The majority of people who perish in the wild, die from exposure. In the worst case scenario, you can be dead in only a few hours if you don’t get out of the elements. The order of survival in almost any situation is shelter, water, fire and food. Knowing how to build the best survival shelters under the conditions you’re in can save your life.
Each winter, there are reports of people wandering out of bounds and getting lost in the snow. Typically, the ones who are found alive built snow caves. Snow is an excellent insulator and knowing how and where to build one can keep you from becoming hypothermic. A snow cave is almost always your best survival shelter in the winter.
The other three seasons vary in temperature depending where you are and also vary in available survival shelter-building materials. In wooded mountainous areas where temperatures can dip below freezing, the debris hut survival shelter is by far the warmest. The key in building one is to customize it to your dimensions and pile the debris (pine needles, leaves etc.) on very thick. It should be about as thick as your arm length.
Desert survival situations are a whole different ball game because of the lack of resources. Deserts can and do reach temperatures at night that can kill you if you’re not protected. The wind alone can severely dehydrate you and cause hypothermia. Consider the leeward side of a rocky outcropping for a survival shelter in this environment or better yet, a cave (just make sure you don’t have company). You should be able to find enough brush around to help insulate you. Again, try to make it small and as cozy as possible.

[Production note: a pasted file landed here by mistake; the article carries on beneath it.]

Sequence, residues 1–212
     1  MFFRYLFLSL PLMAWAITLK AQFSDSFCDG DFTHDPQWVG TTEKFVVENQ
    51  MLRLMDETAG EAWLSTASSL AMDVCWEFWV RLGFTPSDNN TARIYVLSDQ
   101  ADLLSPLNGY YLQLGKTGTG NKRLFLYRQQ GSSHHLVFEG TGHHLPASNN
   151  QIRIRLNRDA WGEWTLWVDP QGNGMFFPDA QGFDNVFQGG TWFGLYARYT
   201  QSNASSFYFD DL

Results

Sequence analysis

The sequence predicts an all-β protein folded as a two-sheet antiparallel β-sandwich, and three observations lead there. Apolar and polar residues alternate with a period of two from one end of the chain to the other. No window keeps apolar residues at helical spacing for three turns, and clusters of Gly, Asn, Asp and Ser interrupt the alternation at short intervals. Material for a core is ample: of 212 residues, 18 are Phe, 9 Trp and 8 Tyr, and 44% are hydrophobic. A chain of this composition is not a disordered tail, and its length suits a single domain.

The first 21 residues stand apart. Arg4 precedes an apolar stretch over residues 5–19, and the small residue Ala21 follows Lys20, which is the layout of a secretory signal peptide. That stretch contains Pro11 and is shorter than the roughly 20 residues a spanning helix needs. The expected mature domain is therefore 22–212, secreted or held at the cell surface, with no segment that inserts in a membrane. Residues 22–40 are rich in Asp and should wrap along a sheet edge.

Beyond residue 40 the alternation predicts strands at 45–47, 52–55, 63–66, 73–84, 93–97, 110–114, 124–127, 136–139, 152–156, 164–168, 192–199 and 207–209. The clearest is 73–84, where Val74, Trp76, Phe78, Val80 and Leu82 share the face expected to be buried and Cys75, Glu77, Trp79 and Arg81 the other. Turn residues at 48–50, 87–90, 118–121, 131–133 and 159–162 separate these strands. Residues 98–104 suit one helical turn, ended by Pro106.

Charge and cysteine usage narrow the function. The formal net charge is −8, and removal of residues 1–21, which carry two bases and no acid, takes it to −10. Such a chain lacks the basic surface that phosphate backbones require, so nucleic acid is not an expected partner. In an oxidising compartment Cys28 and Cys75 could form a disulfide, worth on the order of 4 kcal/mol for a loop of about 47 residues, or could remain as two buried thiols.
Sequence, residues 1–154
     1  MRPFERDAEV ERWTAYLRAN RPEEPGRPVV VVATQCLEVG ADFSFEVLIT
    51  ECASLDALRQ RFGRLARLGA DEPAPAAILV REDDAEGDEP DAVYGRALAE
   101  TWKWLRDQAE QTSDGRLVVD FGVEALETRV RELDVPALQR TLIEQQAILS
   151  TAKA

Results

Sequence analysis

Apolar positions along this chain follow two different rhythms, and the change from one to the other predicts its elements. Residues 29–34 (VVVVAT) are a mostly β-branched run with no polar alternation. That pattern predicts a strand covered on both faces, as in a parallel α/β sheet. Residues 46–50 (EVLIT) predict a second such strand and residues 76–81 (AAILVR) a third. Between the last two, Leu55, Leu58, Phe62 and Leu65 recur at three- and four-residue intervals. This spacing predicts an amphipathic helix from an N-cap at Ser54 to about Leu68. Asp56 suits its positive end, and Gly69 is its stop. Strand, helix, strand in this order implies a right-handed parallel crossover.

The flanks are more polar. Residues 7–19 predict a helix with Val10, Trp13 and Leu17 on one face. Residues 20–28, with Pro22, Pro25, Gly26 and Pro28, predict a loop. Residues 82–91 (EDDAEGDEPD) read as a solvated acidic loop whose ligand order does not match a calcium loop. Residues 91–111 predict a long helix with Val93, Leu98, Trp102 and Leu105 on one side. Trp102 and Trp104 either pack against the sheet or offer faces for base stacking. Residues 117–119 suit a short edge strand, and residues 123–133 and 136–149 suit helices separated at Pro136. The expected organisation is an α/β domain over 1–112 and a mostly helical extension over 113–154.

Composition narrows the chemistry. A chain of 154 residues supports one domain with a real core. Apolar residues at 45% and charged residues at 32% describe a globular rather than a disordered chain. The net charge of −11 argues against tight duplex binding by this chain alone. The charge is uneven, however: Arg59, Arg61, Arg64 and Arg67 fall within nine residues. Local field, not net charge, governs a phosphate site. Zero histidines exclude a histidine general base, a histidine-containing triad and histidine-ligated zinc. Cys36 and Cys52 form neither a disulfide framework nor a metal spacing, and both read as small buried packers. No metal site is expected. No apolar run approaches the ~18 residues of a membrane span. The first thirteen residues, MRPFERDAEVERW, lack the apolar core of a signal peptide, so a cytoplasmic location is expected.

Tree Fall Shelter
Conserving energy is vital in any survival scenario. Almost all places have natural survival shelters if you look around. While a debris hut is a great choice, a lot of energy and time is needed to build one. Look for a fallen tree or depression where you need minimal materials. Sometimes it’s just a matter of laying a few branches over the top and piling on bows for insulation (the key ingredient).
Build a mattress or cot
Remember that you can have the coziest survival shelter around and still freeze if you don’t insulate yourself from the ground. The ground will suck heat out of you like a pool of leaches. Your mattress should be at least a foot thick (it will compress) and consist of the driest materials you can find. Many areas get damp at night so it’s important to seal yourself in as best as possible.
Keep it small
Survival shelters are often glamorized by images of tipi-like structures big enough for a whole family (and a nice little fire in the middle). The reality is that the less air space you have to heat, the more likely you’ll get through the night alive. Animals survive because they are well insulated and choose shelters that keep them out of the elements. Always prepare for the worst because sometimes the worst happens. A good shelter is paramount in any survival scenario.
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